While I am happy with 12-14h days of making products, it does take a massive toll on everything else. During the Christmas break, I went in search of a new hobby, something that will disengage me from work and coding while giving me an outlet to be creative.

I spent the first part of my break rewatching the Harry Potter movies. They made me want to write a short story of my own. If you got this far in this post, you’d realise that I am not a strong writer; “C” student when it came to English at school. Nevertheless, I started dreaming away about a short story I could bring to life.

Around the same time, I was finishing up the “Hilda” series on Netflix. I LOVE HILDA!!

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The character is so wonderfully free spirited. The creativity displayed by Luke Pearson in the graphic novels are just phenomenal — from furball flying creatures, to the witty woodman, to the invisible little elves who are highly bureaucratic — he had managed to create a world worthy of Hilda’s adventures!

Reading more about the Hilda graphic novels rekindled my intrest in sketching and drawing. Hey, maybe I’ll draw that short story instead of writing it like a novel!

Yep, that is what I’m going to do. I’m going to work on a short graphic novel as my hobby. I know nothing about creating a graphic novel or writing stories so I’m hoping this will be a fun learning experience. I don’t have high expectations or even know if I will be able to stick to it for months and years. I’m still excited to give it a shot.

I’ll write regular updates on my progress and my journey. Use this link http://dinethmendis.com/?category=undersea to follow along. Yes, working title is “undersea”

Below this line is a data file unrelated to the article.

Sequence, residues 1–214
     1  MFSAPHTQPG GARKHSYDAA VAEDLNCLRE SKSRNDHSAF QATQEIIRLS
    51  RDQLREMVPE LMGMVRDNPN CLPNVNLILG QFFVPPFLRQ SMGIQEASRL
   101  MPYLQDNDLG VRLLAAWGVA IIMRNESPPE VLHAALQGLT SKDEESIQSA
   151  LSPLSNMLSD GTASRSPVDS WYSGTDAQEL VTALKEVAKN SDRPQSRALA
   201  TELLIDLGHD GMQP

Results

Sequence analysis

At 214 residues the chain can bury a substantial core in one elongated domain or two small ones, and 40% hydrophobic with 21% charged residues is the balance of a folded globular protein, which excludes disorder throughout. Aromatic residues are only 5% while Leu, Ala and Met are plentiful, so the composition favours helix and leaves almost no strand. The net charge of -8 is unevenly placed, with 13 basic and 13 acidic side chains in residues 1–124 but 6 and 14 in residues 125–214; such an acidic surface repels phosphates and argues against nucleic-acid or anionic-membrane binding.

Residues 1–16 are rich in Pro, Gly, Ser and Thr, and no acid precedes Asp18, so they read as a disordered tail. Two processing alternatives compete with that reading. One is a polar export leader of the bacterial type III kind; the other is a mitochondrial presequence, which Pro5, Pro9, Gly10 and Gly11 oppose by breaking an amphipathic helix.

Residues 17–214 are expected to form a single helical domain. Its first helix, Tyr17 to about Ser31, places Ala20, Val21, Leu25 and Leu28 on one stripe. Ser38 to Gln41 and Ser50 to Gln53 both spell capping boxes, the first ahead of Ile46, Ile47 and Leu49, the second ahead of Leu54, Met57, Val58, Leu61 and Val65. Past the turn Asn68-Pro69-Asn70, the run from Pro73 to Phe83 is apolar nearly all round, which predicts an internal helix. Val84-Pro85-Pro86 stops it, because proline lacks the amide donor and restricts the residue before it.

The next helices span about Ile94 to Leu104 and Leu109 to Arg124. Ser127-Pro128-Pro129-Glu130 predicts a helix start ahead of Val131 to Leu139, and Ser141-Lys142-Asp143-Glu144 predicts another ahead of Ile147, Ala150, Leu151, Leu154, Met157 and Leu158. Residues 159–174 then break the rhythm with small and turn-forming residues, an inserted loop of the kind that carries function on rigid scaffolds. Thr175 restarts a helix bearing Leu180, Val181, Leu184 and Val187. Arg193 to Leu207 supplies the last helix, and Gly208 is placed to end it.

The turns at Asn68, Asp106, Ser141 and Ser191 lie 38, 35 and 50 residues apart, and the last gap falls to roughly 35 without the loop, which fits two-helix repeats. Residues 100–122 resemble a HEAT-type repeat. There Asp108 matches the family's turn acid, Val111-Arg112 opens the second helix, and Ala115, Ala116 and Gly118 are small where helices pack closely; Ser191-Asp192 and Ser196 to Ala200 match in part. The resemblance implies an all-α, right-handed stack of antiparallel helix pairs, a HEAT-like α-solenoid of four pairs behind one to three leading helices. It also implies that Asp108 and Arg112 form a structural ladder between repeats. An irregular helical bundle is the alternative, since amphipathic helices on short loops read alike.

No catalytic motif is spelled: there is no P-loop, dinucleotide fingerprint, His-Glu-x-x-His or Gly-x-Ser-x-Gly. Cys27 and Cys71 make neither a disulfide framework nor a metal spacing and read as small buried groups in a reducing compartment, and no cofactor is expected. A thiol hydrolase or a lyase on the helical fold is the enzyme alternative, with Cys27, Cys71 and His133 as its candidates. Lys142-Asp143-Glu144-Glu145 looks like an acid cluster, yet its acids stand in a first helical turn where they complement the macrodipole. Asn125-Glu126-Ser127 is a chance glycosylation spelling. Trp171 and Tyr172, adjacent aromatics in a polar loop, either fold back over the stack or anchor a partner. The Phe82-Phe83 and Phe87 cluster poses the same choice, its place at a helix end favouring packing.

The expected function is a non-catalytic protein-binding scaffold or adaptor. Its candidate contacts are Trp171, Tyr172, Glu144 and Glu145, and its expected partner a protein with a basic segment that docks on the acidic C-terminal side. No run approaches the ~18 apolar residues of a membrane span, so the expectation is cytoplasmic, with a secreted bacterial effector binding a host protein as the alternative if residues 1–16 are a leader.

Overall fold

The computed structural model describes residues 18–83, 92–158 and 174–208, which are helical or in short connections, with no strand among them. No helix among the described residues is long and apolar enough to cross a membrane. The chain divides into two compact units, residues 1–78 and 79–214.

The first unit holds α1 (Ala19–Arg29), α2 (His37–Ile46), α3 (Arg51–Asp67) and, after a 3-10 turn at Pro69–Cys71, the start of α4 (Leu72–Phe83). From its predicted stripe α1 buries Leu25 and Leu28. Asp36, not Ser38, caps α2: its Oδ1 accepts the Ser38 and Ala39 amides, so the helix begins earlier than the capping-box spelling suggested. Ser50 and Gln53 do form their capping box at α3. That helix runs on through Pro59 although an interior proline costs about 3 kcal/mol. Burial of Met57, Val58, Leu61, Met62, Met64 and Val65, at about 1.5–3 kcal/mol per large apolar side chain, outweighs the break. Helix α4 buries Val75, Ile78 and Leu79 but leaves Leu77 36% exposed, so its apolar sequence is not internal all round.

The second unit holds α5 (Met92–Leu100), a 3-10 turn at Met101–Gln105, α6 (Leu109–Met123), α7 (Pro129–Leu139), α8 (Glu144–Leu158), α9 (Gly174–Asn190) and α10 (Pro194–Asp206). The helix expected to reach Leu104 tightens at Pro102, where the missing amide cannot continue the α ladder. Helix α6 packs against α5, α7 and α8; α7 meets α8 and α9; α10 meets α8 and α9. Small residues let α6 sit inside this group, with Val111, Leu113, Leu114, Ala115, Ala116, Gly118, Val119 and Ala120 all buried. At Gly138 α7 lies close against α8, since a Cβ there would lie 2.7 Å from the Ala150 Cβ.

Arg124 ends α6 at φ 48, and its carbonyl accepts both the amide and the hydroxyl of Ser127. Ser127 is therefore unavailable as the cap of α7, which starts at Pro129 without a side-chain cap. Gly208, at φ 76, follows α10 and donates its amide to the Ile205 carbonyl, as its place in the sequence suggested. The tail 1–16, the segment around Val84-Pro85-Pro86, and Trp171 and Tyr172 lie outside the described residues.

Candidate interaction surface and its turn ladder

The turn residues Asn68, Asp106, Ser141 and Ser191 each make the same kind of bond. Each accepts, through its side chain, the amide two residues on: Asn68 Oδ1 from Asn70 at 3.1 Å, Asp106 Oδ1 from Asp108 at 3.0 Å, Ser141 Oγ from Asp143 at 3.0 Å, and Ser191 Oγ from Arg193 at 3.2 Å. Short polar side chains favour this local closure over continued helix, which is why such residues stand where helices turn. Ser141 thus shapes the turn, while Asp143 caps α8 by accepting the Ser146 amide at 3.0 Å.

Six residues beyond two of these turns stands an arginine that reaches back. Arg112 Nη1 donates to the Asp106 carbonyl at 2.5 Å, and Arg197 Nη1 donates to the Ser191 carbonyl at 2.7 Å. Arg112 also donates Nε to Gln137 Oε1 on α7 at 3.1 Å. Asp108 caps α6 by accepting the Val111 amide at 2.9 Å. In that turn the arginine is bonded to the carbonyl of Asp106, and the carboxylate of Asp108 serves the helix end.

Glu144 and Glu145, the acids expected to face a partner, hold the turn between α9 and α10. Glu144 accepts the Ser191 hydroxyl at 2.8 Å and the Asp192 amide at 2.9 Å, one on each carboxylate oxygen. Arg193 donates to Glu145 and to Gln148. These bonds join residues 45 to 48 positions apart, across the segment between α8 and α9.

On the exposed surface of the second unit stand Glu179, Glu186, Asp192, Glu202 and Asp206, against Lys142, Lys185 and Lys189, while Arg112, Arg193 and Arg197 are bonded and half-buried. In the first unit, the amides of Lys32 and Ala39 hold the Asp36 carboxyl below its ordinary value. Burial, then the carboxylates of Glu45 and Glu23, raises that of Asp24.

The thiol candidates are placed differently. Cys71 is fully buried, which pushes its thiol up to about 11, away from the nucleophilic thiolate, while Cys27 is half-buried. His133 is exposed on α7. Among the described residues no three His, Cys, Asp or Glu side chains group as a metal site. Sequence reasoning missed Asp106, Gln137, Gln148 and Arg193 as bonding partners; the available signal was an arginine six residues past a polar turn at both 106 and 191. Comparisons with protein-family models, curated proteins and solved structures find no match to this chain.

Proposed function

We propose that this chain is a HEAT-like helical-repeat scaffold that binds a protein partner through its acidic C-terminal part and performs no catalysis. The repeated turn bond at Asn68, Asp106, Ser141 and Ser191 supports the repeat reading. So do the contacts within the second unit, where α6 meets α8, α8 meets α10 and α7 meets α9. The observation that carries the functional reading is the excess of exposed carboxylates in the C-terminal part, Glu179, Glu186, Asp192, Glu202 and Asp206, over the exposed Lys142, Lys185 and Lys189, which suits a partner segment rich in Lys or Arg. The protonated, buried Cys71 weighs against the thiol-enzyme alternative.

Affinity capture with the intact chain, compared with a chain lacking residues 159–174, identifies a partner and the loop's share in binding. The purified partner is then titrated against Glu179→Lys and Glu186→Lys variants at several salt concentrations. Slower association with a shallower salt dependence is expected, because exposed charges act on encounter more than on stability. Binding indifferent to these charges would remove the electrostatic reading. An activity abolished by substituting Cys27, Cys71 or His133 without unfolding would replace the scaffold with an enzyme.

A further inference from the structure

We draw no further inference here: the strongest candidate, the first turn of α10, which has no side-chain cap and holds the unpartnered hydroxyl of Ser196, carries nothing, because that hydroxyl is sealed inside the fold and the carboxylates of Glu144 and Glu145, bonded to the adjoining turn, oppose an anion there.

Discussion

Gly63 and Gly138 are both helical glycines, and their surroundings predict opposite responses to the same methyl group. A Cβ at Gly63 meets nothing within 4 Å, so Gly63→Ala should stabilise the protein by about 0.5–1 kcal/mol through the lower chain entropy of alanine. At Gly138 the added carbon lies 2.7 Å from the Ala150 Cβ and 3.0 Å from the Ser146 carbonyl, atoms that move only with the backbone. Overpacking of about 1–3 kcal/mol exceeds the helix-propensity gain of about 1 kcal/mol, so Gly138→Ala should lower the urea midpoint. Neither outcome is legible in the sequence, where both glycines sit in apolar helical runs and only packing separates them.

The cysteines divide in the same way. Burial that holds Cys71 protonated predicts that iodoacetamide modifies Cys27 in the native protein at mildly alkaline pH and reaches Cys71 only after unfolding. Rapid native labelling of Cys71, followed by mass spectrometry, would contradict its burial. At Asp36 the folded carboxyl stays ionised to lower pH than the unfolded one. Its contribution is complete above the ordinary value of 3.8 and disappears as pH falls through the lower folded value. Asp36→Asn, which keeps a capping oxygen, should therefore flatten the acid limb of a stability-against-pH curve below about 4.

I’ve got my iPad, Procreate app and an Apple Pencil to begin with. That should be enough, right?

Do "basics" well

High performing teams are about interperson chemistry that is built on a foundation of the “basics”.

Take sports for example.

Learning to play a sport require you to learn the rules and develop basic skills to play. For soccer, it would be passing, tackling, lobbing and shooting.

When you join a team, there’s drills, runs and short set plays. These are repeated over and over during practice. During a full game, these disconnected pieces mix together to form fluid play. Play together with your team for long enough and magic starts to happen — team members anticipate each others moves to outplay opposition.

Drills, runs and set plays allow you to improve and build on the basic skills: passing, tackling, lobbing and shooting. They improve player fitness and execution during gameplay.

The act of continually working on the basics seem to lead to continued advancement. This is an interesting idea as it would be easy to assume the opposite — to advance further, one has to work on increasingly complex drills. I think it comes down to the fact that most complex things are built up from very basic elements. The more confident and efficient we are with basics, the more opportunity we have to put them together to do complex things.

Therefore, I believe, basics and chemistry form important attributes for any team.

Chemistry can be a complex thing to establish, with time, environment and the individuals themselves. It’s a whole other discussion.